Wednesday, July 05, 2006

Financial Times Review

Nice and positive

Closing one’s eyes at the theatre is usually taken as a sign of fatigue, or boredom brought on by the performance. It can also be a useful exercise. With Shakespeare, especially, to focus on the sound is to gauge the success of the evening, even when a severe directorial concept has been applied.

With the Public Theatre’s Macbeth, free in Central Park until July 9, the deliberately blinkered approach would lead you to the conclusion that Liev Schreiber alone, in the title role, knows what he is doing. The verse-speaking is smooth, the baritone timbre sufficient to suggest the role’s standard depravity as well as the thwarted nobility that Schreiber tries to bring to the part.

Sound by itself, on the other hand, would yield a more severe verdict for Jennifer Ehle, the production’s Lady Macbeth. Her voice, denuded of visual cues, tends to fade like a mobile telephone in the mountains. And yet, eyes wide open, she kept compelling my attention. She looks spectacularly chic in Michael Krass’s costumes, the staging’s constant reminder that the director, Moises Kaufman, has chosen to set the Scottish play, variously, in the first half of the 20th century.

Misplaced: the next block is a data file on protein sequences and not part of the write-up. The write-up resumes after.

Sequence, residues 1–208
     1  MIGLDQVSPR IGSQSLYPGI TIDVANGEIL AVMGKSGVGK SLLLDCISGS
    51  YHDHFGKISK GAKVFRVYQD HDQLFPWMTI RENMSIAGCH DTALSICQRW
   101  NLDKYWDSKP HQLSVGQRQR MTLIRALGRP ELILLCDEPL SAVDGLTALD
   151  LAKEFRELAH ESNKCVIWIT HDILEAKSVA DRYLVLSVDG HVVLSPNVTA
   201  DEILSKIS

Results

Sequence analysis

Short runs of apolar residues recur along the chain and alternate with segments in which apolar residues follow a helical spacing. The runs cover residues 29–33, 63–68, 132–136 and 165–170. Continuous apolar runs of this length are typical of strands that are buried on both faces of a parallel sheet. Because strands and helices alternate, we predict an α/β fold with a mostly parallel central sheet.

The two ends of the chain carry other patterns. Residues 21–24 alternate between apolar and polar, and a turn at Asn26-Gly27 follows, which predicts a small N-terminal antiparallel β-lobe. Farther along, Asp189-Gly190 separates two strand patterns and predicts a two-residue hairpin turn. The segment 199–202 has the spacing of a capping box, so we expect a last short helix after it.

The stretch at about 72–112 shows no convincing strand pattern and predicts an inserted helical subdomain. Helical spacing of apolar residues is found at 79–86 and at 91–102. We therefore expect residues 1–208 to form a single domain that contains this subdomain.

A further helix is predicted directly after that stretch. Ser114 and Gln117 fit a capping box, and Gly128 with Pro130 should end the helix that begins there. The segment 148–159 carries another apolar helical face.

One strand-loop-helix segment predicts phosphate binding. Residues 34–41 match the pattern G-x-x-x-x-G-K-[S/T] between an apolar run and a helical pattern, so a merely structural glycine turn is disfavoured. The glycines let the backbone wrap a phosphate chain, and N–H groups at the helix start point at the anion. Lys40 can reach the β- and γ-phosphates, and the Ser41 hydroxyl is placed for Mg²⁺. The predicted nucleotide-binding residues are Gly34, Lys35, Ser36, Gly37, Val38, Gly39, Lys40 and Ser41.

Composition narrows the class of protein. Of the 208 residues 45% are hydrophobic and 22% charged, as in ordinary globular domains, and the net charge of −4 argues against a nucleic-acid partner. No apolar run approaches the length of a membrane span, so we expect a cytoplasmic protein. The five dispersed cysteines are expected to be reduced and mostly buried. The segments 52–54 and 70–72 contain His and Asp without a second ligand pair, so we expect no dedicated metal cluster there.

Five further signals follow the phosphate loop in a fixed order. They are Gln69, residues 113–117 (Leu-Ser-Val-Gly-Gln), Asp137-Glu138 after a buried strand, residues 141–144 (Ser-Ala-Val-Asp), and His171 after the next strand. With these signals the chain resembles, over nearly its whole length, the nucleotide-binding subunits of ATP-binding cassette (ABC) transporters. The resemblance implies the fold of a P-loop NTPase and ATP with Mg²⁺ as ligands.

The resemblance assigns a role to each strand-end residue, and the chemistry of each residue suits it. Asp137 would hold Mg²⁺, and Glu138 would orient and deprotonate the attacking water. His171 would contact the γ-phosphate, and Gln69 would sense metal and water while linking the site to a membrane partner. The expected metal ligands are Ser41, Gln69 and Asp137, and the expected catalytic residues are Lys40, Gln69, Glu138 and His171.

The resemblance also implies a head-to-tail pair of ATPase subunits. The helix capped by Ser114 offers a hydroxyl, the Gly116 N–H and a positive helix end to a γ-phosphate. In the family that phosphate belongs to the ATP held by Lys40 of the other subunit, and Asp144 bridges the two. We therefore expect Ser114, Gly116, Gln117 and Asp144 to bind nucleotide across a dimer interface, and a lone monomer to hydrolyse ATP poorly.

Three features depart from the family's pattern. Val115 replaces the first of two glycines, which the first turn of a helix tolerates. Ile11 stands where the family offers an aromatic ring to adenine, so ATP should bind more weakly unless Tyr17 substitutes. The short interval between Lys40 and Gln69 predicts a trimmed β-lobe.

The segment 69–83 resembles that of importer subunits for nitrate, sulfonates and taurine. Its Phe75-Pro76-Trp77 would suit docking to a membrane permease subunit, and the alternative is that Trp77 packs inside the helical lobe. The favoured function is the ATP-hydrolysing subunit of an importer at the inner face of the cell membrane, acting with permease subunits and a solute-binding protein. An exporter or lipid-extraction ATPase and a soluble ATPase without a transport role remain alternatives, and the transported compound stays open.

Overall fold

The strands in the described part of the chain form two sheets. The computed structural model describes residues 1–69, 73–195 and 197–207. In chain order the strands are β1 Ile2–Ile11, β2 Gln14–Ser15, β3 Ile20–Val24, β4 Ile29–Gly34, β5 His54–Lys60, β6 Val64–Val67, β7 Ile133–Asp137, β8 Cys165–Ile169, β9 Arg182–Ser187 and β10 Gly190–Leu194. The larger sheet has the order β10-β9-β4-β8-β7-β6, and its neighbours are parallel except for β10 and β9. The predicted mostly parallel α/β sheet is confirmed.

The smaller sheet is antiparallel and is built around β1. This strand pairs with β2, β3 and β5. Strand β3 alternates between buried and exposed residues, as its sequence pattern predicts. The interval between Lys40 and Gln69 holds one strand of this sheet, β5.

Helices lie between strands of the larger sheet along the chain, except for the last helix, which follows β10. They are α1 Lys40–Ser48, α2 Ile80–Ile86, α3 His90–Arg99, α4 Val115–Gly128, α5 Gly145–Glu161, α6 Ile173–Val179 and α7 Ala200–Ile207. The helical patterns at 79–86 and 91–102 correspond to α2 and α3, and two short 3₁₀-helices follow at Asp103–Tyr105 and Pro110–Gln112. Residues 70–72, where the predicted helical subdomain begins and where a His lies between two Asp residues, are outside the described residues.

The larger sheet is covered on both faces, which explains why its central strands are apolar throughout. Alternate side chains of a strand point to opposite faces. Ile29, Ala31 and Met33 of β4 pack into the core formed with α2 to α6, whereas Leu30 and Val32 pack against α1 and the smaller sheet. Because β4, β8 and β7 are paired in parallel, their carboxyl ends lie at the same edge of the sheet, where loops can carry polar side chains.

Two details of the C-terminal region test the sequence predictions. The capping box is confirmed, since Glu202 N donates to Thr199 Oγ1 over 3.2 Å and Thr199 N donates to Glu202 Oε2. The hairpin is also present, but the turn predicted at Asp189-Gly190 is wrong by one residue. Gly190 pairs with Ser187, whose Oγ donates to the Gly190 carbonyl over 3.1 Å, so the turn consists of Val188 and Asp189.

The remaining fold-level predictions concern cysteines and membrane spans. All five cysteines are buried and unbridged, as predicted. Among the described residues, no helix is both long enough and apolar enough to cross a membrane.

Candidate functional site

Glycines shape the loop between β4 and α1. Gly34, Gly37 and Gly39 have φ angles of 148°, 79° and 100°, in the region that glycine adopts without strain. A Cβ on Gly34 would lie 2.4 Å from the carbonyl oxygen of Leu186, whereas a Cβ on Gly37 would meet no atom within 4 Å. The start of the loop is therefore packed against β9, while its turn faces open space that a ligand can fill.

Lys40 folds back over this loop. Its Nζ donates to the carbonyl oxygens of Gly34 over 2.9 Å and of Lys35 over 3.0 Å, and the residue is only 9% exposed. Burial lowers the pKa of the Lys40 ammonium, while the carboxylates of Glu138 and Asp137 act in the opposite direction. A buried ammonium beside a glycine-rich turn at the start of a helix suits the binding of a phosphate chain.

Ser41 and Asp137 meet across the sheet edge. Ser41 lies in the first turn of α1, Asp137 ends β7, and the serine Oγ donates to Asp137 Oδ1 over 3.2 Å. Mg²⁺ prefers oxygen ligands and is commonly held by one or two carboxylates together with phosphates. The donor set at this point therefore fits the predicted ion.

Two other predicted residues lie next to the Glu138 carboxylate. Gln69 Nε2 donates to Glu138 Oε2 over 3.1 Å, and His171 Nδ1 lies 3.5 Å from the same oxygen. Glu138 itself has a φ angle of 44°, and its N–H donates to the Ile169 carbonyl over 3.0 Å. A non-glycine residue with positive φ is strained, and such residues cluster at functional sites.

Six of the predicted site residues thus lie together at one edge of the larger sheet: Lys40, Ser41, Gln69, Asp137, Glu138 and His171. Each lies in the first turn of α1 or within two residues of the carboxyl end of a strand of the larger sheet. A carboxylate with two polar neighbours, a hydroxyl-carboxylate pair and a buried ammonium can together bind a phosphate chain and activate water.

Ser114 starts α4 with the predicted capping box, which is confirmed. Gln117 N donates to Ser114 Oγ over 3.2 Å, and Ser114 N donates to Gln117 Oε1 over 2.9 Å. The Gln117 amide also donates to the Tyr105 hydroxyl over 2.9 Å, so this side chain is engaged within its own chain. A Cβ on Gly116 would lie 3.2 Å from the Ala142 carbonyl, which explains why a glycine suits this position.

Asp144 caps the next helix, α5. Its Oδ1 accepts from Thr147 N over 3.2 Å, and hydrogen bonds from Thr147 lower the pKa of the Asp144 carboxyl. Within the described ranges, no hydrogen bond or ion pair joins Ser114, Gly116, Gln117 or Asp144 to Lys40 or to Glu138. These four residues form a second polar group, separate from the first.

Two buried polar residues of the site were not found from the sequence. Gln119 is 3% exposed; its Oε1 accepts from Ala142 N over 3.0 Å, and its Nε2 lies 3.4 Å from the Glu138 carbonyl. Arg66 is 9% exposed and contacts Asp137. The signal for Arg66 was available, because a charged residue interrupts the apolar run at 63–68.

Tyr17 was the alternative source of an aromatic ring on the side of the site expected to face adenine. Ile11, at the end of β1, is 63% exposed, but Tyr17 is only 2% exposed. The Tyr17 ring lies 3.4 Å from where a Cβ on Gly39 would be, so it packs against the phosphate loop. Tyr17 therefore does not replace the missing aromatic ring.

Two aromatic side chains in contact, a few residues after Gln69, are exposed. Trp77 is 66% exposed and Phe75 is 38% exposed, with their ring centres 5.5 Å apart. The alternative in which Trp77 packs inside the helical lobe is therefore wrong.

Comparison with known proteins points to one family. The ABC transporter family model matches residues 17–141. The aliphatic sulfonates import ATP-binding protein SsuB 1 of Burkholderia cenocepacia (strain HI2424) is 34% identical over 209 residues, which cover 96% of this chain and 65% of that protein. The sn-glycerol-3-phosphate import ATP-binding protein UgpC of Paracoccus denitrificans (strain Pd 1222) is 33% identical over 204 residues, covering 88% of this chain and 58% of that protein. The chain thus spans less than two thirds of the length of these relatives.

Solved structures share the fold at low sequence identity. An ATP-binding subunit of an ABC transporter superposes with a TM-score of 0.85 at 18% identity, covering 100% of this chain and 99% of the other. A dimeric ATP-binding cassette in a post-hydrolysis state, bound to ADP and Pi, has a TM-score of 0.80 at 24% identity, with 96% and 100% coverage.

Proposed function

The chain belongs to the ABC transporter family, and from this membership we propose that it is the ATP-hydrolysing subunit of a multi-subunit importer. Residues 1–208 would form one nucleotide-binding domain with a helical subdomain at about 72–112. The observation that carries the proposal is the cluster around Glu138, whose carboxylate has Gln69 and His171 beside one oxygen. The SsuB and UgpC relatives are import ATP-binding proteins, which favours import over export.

Schreiber and Ehle have been criticised for the fastidiousness of their interpretations. This is a story about murder and revenge, madness and superstition. How can that be conveyed without more obvious, melodramatic evidence of the darkness without as well as the demons within? Yet there is no shortage of blood, and the decaying palace set, designed by Derek McLane, corrodes in keeping with the narrative’s accumulating horrors. If this is not a memorable Macbeth, neither is it a standard-issue al fresco offering. The supporting players, drawn partly from the Public Theatre’s Central (Park) Casting, could be stronger, and Kaufman’s pacing slackens in the second half. But as an illustration of foul play this evening is first-rate.


The Arts Review provides a (much) less enthusiastic response.

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